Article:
• ateixeiraateixeira Posts: 72,587
    would go something like this:

    Service Manager: "A customer's vehicle caught fire, today"

    Tech: "I can't talk I have to finish 16 oil changes before lunch because that's the amount of time Honda has deemed is safe and fair for an oil change."

    Service Manager: "Sit down, this is important. Don't you remember all the training techniques we taught you?"

    Tech: "No. Because you never trained me"

    Service Manager: "Oops. Remember to lie about that when the investigators come. Did you read the Bulletin at least?"

    Tech: "You never showed me that"

    Service Manager: "Lie about that too, OK?"

    -juice
  • varmintvarmint Posts: 6,326
    In your conversation, the dealer is still at fault. Only now you are blaming the Service Manager instead of the Service Tech.
  • ateixeiraateixeira Posts: 72,587
    I knew you'd say that, which is why I was already preparing a faux conversation with the Honda rep (HR) that the dealer service manager (DSM) reports to.

    First an earlier conversation:

    HR: TCO is the big new acronym, you gotta get that down for the CR-V. We suggest you allocate 8 minutes for oil changes.

    DSM: our certified techs earn too much.

    HR: hire trained monkeys. Actually, don't train them either, too costly.

    DSM: perfect, profits are up, TCO is down and sales are up. Can you cheapen the filter even more?

    HR: we found the cheapest filter on earth, look for new part numbers soon.

    <months later>

    DSM: oops, it hit the fan, our plan backfired.

    HR: sorry about that, Lee Iacocca infiltrated our assembly lines with some Super Glue. Something like that. The gaskets stick like leeches.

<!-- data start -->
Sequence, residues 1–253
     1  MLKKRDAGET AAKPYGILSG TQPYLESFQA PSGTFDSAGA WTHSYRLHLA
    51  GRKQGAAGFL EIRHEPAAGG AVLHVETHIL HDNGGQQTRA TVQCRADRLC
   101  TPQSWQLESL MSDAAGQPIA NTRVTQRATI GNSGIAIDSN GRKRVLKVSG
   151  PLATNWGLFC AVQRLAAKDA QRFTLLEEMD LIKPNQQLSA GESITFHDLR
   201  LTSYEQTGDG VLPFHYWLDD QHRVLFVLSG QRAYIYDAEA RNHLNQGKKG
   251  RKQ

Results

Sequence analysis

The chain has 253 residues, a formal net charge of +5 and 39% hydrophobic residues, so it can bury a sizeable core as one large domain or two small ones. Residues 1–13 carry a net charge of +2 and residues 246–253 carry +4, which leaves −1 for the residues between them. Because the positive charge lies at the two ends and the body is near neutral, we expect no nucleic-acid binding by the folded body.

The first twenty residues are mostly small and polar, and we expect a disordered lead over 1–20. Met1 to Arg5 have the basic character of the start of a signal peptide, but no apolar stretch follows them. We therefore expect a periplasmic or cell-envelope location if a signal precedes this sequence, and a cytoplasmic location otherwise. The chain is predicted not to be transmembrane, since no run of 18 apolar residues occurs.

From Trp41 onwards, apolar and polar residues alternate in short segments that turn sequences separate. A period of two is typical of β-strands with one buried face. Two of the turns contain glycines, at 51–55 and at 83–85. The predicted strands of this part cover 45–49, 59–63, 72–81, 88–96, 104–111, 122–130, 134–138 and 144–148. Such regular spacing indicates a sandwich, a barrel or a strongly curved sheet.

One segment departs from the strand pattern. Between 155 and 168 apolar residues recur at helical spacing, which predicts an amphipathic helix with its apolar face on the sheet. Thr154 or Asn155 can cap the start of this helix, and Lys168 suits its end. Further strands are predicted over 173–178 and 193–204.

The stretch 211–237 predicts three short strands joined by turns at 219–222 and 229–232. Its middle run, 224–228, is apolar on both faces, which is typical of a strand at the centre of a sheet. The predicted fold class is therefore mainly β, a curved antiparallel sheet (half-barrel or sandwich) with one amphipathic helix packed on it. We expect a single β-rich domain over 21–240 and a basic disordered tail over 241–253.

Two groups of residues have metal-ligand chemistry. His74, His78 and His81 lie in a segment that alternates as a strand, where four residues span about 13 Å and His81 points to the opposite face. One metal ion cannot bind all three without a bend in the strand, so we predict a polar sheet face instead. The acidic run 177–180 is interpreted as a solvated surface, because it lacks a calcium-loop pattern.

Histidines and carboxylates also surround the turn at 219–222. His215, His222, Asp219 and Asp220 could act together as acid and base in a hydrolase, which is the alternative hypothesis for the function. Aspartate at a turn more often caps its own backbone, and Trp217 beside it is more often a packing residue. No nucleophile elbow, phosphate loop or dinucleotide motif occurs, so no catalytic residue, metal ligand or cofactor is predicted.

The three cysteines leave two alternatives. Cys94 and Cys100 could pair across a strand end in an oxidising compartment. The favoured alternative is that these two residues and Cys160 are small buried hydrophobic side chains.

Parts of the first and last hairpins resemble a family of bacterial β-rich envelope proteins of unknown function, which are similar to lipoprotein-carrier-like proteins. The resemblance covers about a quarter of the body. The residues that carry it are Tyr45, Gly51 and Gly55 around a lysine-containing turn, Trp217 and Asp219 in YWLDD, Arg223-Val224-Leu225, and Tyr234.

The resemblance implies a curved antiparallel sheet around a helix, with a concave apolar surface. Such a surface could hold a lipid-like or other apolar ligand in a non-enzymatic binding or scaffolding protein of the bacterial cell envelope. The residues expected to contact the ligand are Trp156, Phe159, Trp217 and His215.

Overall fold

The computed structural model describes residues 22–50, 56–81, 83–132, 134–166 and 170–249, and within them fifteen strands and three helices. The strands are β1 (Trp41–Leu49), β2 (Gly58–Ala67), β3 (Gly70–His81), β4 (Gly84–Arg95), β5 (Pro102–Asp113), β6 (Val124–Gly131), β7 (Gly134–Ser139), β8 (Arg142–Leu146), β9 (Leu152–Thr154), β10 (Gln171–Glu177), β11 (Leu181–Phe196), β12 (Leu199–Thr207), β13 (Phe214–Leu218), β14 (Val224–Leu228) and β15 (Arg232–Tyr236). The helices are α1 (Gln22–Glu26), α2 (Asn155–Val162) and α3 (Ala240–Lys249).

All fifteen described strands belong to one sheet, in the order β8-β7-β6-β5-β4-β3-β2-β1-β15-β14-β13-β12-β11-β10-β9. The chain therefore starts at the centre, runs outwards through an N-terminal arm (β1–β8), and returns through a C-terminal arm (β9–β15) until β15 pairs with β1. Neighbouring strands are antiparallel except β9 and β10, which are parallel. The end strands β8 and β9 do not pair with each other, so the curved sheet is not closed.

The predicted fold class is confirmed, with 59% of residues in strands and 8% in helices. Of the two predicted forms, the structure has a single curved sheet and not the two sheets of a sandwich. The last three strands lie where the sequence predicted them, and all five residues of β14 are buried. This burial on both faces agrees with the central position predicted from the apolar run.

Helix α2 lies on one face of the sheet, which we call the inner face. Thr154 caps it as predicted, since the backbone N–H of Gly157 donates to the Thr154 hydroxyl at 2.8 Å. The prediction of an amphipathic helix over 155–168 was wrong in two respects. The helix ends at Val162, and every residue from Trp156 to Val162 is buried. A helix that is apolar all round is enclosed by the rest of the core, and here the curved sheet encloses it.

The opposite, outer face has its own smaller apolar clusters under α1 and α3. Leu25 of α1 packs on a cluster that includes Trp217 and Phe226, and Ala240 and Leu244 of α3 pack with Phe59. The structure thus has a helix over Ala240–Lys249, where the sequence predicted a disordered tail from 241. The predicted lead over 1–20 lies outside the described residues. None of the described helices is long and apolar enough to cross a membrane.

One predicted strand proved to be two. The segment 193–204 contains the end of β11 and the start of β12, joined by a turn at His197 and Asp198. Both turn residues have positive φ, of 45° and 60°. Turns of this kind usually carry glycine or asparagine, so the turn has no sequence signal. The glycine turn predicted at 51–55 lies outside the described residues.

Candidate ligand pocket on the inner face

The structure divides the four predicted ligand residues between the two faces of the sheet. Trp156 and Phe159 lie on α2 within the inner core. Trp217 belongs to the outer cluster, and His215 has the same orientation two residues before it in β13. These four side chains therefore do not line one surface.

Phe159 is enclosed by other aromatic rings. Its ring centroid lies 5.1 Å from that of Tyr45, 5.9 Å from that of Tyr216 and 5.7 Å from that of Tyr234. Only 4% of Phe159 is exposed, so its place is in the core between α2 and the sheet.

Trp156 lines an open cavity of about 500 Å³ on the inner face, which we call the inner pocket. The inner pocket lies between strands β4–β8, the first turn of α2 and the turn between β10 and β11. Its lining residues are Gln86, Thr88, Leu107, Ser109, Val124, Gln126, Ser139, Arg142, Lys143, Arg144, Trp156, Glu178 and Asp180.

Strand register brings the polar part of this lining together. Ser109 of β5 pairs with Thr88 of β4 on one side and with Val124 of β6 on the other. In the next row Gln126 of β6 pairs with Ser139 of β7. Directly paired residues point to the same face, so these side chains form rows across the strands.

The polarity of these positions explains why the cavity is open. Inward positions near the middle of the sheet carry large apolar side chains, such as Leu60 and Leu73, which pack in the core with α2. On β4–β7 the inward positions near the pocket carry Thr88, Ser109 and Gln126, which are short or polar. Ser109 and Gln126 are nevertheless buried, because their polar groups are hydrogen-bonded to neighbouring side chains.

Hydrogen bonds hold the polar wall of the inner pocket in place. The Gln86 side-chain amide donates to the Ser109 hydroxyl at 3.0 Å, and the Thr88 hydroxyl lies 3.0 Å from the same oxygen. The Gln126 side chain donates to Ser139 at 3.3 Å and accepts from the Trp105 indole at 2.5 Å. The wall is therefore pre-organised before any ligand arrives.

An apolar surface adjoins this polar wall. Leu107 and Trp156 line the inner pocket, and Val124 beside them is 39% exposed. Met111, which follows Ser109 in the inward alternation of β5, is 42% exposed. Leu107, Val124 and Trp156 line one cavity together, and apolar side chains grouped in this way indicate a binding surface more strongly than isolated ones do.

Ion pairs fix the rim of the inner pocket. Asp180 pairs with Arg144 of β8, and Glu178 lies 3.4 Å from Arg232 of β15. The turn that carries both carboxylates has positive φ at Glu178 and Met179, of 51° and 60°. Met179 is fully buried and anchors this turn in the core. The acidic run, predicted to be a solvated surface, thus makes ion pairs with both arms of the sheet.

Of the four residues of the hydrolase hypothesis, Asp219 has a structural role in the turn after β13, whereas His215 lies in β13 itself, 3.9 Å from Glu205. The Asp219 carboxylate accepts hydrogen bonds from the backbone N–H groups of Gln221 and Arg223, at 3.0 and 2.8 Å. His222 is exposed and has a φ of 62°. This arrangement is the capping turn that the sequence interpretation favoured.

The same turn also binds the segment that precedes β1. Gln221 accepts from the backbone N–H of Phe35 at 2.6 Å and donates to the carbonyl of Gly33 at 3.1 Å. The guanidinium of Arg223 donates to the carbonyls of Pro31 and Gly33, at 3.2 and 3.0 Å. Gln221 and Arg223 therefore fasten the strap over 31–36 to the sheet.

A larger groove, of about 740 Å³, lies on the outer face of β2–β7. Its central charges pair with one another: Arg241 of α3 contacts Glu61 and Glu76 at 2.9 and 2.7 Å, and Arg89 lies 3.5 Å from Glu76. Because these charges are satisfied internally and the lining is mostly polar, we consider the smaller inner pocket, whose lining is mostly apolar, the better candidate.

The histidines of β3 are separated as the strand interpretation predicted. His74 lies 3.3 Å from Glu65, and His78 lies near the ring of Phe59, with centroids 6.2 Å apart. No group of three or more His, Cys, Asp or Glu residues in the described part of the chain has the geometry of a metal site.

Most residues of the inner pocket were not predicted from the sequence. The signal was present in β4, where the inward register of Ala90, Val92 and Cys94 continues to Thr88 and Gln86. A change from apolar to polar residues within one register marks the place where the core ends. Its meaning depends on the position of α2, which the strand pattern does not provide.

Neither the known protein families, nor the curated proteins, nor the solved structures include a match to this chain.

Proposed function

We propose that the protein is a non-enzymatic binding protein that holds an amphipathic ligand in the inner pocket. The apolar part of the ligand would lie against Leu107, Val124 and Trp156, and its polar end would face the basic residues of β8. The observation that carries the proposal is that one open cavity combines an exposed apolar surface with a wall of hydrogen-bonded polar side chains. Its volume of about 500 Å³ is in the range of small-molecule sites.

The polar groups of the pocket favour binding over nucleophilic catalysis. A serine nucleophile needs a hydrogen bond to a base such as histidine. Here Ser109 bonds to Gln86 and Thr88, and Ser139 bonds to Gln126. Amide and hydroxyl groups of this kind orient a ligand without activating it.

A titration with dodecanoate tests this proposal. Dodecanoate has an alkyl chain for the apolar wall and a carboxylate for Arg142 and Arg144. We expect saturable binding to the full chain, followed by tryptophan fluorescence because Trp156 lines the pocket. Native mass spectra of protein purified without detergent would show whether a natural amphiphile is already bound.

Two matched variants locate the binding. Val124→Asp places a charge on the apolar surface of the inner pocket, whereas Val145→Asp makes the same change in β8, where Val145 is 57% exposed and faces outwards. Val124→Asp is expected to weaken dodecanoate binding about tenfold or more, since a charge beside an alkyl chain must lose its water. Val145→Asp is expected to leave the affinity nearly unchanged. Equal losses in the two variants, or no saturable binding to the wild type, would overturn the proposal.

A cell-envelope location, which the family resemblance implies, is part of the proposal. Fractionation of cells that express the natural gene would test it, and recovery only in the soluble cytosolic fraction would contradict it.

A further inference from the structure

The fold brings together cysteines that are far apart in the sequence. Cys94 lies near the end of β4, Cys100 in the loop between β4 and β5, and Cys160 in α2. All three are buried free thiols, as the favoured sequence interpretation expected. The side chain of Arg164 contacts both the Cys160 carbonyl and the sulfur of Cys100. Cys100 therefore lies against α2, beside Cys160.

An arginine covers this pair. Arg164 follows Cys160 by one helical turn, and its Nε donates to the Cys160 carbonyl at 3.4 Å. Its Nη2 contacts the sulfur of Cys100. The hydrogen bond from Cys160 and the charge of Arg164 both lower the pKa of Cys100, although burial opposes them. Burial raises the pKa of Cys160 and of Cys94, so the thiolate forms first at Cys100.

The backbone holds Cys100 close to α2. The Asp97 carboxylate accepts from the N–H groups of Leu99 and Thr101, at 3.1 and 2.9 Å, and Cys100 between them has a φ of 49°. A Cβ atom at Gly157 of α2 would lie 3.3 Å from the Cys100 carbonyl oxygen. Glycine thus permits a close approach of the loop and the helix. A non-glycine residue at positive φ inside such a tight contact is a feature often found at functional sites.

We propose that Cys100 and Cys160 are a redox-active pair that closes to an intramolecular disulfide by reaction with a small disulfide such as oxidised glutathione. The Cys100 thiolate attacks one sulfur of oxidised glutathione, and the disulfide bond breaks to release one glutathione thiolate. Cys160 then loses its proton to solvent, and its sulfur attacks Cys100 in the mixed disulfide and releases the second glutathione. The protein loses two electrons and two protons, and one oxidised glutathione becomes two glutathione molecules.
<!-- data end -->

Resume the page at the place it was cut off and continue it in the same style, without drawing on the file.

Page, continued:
DSM: CR-Vs are ablaze everywhere.

    HR: fire the monkey.

    <later still...>

    HR: did you get The Memo?

    DSM: what memo?

    HR: you didn't get The Memo? Everyone got The Memo.

    -juice
  • kyfdxkyfdx Posts: 27,992
    Well... I don't buy that conversation, either..

    Every manual labor job is required to be done as efficiently as possible... That is called productivity, and it is important to profit and loss.. To assume that everyone works in an unsafe manner or is not trained because of it, is just wrong... Safety is just good business, and most businesses put a premium on it.

    regards,
    kyfdx

    MODERATOR
    Prices Paid, Lease Questions, SUVs

  • "Recent reports show that it has happened to an Element. Also a 2002 CR-V. "

    interesting. on first oil changes, or subsequent, for the 2002 CR-V? A double gasket can happen to any car at any time, of course. I would be sure that you would find a double gasket fire on a civic too, if you looked hard enough.

    Are the elements catching fire at the same rate as the CR-V's? That might be an interesting data point. Also the Accords and TSX that share the engine, though I don't know whether they are laid out in the same way with respect to the oil filter and the exhaust in question.
  • varmintvarmint Posts: 6,326
    Yes, I tend to agree that "something" is making the CR-V more fire prone than other vehicles. Something is increasing the risk of a second problem (fire) after the first (Tech error).

    But if the Tech error can be corrected, you eliminate the possibility of a second problem. So why not start with the Tech?

    "The point is.. If it keeps happening, maybe your standard of measurement is wrong..."

    So why are people not allowing Honda to see if it keeps happening?
  • kyfdxkyfdx Posts: 27,992
    It could be that the "something" is making the tech error more likely, not the other way around.. For your scenario, he would be screwing up every oil change, but just the CR-Vs catch fire..

    I think its more likely that there is something that makes it more likely for the tech to make an error... I think the "something" is the cause in the cause/effect relationship..

    MODERATOR
    Prices Paid, Lease Questions, SUVs

  • varmintvarmint Posts: 6,326
    The article was not specific about whether or not the 2002 CR-V fire was the very first oil-change. It was for the Element.

    I thin it's a bit premature to try determining the rate for fires for the Element. Right now, it's about 1% with only one vehicle on the record. That's slightly lower than the rate for the CR-V. But if one more Element has a fire, it will be almost twice the rate of the CR-V. Too small a sample.